One rivet at a time: Aerobility’s new frontier

Aerobility Zenith CH750

Aerobility is well known for its training of pilots with disabilities, providing access to aircraft using hoists, and equipping aircraft with hand controls for use by persons unable to use their legs. Now it is about to expand its philosphy of being fully inclusive by building and maintaining aircraft.

“We are the UK centre of excellence when it comes to all matters related to disability flying,” said Brian Catchpole of Aerobility. “All of this has been achieved with a user-led organisation. Many of our key personnel and volunteers have impairments.

“We believe that the next goal naturally falls to broadening our involvement with the actual aircraft, and to this end we intend to build our own aeroplane. This will not only be an exercise that secures another aircraft for the charity at a low cost, but far more importantly, to demonstrate that our fully inclusive philosophy can be extended to the building of our own aircraft.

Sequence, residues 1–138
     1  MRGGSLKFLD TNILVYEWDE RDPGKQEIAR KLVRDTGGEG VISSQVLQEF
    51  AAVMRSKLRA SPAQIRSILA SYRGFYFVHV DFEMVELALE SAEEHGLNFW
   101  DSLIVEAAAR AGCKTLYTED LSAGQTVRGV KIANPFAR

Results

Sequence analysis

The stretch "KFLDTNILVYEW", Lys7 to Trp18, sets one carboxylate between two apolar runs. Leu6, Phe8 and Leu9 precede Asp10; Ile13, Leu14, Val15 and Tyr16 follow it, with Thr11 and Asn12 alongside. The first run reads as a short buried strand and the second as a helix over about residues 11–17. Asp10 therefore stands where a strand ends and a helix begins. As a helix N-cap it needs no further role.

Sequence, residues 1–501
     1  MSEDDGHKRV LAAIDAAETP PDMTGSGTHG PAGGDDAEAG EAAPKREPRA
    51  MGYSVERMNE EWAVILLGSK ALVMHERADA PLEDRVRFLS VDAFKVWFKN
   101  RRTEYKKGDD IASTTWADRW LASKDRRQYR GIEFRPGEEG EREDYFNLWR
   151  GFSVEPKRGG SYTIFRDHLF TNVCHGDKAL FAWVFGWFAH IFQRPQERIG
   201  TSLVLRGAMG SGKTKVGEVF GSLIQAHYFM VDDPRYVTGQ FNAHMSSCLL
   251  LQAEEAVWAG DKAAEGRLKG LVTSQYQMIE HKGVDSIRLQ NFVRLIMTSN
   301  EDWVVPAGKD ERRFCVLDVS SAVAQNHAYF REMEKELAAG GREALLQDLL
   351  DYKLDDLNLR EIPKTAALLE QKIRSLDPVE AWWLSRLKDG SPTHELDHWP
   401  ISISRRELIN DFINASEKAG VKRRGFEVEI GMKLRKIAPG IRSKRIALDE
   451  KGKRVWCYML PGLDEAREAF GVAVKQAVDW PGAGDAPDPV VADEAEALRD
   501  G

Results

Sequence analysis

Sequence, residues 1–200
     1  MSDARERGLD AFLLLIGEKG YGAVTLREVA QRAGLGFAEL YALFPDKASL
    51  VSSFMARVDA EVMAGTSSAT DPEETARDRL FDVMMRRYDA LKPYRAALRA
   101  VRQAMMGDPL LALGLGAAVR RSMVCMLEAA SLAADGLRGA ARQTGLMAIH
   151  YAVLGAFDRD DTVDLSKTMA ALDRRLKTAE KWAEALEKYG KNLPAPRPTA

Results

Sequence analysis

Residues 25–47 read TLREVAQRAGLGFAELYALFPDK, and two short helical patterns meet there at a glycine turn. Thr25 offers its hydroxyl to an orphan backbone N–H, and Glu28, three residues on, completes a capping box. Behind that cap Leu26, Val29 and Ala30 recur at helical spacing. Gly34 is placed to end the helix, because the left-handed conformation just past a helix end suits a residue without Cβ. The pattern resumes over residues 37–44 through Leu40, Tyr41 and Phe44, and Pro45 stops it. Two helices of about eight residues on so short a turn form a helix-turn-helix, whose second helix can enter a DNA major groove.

“What better way to teach the fundamentals of aircraft design and flying than to build and maintain your own aircraft?

“We will give anyone who wishes to be involved the chance to participate, subject of course to close supervision by key members of the team. Some may only wish to place a single rivet, others maybe to be further involved.

“We intend to equip one corner of our hangar as a workshop. Again we will ensure that benches and tools, as far as we are able, can be utilised by wheelchair users and people with varying impairments. For many this will be their first exposure to a working engineering environment.”


Aerobility announcement! From left: Steve Slater (LAA), Jonathan Porter, Patricia Mawuli (both Metal Seagulls), two representatives from CFS Aero, and Brian Catchpole of Aerobility. Top: A Zenith CH750 has been chosen by Aerobility to construct. Photos: Ed Hicks.

The aircraft Aerobility is planning to build is a Zenith CH750, provided by UK agent Metal Seagulls.

“We have received encouraging support from the Light Aircraft Association (LAA),” said Catchpole. “Their expertise when it comes to self-building aircraft will be invaluable.

“On completion, the aircraft built will join the Aerobility fleet, providing low-cost flying for our licensed disabled flyers and, if regulation allows, training.”

Anyone wishing to become involved in the project can register interest by emailing: [email protected]


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